Cybersecurity insurance: Charting the right course to reduce cyber risk


Acknowledging “worrisome trends” in a post-pandemic era, a Harvard Business Review article proclaimed that, “Cybersecurity insurance has a big problem.” What’s the problem? In short, in 2020, “the world seemingly entered a new era of cyberattacks” in which the “severity of financial consequences has been profound.” 

Take just ransomware, for instance. The average cost of recovery from a ransomware attack for a mid-size firm reached $1.85 million in 2020, more than twice the financial impact from the previous year. Cyber attacks at large continue to surge. Accenture Security reported a triple-digit increase (125%) y/y from 2020 to 2021. 

This hard-hit reality is not going unnoticed by cybersecurity insurance companies when it comes to pricing and premium conditions. As the cybersecurity firm Sophos notes, “[F]the first time in its 15-plus year history as a standalone policy, the market is starting to harden, as insurers see their payouts rising faster than the income from premiums.” As a result, U.S. pricing for cyber insurance surged an average of 96%, year-over-year, according to Marsh, “as organizations faced a daily onslaught of cyberattacks.”


US cyber insurance rates continue to increase


Standard & Poor’s Corp. suggests that the average cybersecurity insurance premium will increase 20-30% each year. 

So the question at hand is: How can you mitigate your cyber risk profile to realize more cost-effective cyber insurance coverage? After all, good security goes a long way toward getting insurance in the first place and, after that, realizing a lower premium.

Charting the right course to reduce cyber risk

When it comes to building strong cybersecurity programs and identifying an enterprise’s cyber risk, organizations often look to standardized guidance such as the NIST Cybersecurity Framework or the MITRE ATT&CK® Framework to build solid security programs that cover people, process, and technology. But in a global cybersecurity market that’s expected to hit $210 billion by 2028, where do you possibly begin researching the right solutions so you can  gain real confidence in a cybersecurity product’s ability to help lower your cyber risk? 

The Cyber Catalyst by MarshSM program provides a great, reliable indicator for navigating a vast sea of offerings. Think of the prestigious Cyber Catalyst by MarshSM designation as the cybersecurity equivalent of an ecolabel such as Energy Star. You know upfront that the security product you are considering has been independently evaluated for its ability to have a meaningful impact on cyber risk. This program can help guide you to a high-confidence, low-regret vendor decision.

Designed to protect sectors, states, supply chains, and/or governments all working together to see cyber threats early, a Collective Defense platform, for example, can help to lower cyber risk by facilitating real-time threat intelligence exchange — working much like a radar system for cyberspace. The IronNet Collective Defense platform, for instance, applies behavioral analytics to detect sophisticated cyber anomalies in a company’s network. The platform then visually correlates those alerts (anonymously) with what other organizations in the Collective Defense community see on their networks, ultimately providing advanced warning and threat intelligence on potential incoming attacks.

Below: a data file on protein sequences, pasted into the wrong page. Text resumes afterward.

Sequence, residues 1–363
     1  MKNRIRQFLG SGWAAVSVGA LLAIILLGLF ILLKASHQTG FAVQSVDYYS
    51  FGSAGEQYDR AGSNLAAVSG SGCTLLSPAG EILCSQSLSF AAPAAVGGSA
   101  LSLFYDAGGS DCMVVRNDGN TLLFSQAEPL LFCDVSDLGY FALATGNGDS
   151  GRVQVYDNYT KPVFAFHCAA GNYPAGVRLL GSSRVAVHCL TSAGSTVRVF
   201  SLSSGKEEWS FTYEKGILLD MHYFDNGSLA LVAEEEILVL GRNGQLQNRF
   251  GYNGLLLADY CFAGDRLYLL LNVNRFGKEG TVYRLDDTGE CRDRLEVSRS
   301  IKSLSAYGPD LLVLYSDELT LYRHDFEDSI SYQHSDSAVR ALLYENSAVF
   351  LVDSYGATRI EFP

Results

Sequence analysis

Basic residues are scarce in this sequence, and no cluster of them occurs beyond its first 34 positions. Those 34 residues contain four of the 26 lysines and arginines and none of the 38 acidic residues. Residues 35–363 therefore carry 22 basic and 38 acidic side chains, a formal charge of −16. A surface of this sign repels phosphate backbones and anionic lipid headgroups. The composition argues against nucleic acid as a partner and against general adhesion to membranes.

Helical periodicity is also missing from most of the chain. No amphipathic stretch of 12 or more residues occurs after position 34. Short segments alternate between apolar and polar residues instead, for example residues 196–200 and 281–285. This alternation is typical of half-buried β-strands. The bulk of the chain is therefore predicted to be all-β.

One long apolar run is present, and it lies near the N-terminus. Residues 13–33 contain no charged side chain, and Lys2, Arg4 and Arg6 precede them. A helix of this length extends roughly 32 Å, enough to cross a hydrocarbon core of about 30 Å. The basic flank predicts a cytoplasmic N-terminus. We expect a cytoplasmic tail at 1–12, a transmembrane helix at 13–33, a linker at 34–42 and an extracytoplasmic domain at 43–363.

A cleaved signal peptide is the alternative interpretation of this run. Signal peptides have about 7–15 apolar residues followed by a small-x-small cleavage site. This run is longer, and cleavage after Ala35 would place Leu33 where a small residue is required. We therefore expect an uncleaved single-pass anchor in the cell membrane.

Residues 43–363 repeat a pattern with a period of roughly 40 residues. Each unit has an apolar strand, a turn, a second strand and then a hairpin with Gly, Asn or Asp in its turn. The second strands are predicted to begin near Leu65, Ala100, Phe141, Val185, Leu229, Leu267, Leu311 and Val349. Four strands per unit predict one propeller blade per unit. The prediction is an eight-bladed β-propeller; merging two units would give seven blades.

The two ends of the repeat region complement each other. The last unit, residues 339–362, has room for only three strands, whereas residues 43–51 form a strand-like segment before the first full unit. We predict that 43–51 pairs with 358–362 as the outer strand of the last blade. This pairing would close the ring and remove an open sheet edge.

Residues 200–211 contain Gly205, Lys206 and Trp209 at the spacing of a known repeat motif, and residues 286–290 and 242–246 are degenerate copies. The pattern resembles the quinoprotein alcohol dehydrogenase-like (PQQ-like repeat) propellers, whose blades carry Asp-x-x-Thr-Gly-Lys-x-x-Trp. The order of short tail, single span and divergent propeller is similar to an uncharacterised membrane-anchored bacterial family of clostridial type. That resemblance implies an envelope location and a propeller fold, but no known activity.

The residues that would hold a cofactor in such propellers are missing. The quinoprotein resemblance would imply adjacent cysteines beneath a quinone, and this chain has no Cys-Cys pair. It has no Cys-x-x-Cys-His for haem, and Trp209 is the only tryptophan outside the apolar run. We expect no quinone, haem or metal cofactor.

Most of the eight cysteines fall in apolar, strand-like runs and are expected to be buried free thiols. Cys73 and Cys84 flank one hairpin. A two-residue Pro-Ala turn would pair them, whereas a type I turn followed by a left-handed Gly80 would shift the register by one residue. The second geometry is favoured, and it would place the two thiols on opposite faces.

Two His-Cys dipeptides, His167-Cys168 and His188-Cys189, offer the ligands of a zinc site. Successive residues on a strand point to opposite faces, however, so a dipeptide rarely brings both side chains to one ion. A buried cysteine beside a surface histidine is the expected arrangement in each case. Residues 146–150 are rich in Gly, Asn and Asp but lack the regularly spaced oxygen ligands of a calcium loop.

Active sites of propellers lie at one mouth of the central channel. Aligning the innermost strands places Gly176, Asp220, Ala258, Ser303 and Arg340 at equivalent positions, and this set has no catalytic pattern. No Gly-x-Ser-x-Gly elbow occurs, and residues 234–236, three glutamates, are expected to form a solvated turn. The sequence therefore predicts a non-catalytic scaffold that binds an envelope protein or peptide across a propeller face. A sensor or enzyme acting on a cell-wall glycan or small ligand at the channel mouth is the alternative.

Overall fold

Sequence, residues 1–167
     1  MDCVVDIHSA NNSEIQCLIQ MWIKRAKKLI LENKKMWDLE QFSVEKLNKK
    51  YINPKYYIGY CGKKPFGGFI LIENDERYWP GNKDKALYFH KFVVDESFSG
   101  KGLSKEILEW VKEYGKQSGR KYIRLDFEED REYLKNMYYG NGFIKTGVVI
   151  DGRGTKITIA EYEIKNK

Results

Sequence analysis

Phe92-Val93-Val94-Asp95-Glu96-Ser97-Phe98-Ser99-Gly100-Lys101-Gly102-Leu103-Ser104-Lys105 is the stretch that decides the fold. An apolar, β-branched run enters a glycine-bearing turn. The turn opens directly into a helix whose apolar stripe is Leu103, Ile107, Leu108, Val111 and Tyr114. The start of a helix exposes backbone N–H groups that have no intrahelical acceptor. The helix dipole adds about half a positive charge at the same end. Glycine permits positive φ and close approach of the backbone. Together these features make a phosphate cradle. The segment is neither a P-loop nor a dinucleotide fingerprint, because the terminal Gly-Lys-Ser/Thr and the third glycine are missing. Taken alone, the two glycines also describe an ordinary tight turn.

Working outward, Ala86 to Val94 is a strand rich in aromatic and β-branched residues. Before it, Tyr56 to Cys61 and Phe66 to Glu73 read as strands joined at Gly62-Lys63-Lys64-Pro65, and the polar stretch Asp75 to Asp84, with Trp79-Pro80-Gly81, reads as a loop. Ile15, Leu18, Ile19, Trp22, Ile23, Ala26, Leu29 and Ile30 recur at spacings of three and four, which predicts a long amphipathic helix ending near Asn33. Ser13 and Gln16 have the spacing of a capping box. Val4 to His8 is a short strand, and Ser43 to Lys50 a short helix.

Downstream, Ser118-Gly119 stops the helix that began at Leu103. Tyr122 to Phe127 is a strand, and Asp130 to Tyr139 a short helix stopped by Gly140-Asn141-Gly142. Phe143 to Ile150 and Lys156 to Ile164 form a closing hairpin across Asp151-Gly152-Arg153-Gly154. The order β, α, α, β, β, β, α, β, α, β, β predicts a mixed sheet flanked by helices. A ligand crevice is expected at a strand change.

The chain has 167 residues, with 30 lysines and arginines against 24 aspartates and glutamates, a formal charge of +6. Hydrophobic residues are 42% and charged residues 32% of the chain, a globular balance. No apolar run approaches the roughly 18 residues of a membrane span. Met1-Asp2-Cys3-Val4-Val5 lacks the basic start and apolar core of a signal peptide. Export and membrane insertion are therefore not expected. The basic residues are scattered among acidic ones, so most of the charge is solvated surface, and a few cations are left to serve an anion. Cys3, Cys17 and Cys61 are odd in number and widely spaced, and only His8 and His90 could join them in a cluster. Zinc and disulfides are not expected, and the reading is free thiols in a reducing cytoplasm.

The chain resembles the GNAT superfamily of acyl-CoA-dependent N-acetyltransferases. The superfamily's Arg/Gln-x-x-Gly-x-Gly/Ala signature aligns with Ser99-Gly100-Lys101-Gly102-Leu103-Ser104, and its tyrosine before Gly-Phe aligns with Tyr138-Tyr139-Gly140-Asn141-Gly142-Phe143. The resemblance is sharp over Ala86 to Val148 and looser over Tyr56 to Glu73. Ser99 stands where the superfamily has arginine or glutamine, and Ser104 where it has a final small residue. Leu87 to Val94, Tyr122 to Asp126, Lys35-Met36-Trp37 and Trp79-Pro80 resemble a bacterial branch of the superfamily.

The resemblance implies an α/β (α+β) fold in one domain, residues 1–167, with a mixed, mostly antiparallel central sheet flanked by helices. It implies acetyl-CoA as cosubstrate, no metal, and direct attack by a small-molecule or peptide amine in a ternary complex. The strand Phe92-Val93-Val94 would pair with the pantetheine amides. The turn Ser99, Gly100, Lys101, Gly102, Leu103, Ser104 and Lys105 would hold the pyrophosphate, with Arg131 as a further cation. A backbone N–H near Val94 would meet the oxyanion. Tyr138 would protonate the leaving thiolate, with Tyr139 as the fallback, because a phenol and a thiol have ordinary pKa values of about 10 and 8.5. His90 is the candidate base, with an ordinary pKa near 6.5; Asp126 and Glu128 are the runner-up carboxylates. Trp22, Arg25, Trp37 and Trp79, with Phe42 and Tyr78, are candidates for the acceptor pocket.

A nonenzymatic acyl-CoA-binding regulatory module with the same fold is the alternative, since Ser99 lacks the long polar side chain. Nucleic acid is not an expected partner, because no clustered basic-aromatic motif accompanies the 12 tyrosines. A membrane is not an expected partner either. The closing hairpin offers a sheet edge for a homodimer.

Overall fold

Look to the Cyber Catalyst by MarshSM to enhance your insurance terms 

With a 2020 Cyber Catalyst by MarshSM designation, the Collective Defense platform provides a pay-it-forward aspect for Collective Defense customers. That’s because organizations that adopt Cyber Catalyst-designated solutions may be considered for enhanced terms and conditions on individually negotiated cyber insurance policies with participating insurers.

Those insurers, when considering potential policy enhancements, will expect organizations to deploy Cyber Catalyst-designated products and services in accordance with certain “implementation principles” that have been developed by the insurers and product vendors.

The IronNet Collective Defense platform is suitable for large Fortune 500 companies as well as mid-sized organizations across both public and private sectors. It adds a level of threat visibility and detection to a CISO’s security portfolio, while integrating with SOAR, SIEM, and workflow tools.

Maturing your cybersecurity posture in the cold, cruel cyber world

Indeed, the times have changed. Digital transformation has expanded the cyber attack surface considerably. The cybersecurity insurance market is feeling these growing pains. “Cyber insurance was only ever meant to be for a novel, an unforeseen catastrophic event. When things like ransomware were limited to someone's grandmother on their old PC, that was a license to print money," said Burn. "But now that music has absolutely stopped and they're reeling from those losses."

Fear not: Any organization, no matter how small or large, can work toward establishing a better cyber risk profile by maturing its security posture. Process maturity models can provide a realistic understanding of an organization’s cybersecurity capability levels in relation to implementing these standards and frameworks. 

Used together, a framework and maturity model can guide strategic priorities and help to identify where to direct cybersecurity investments. You can also assess cyber risk by leveraging the MITRE ATT&CK® Framework to expose any weak spots across your enterprise.

Maturing your cybersecurity posture in the cold, cruel cyber world

Need help understanding where you stand? Consider an Attack Assessment to see where you are and where you need to go to climb the cyber maturity ladder.

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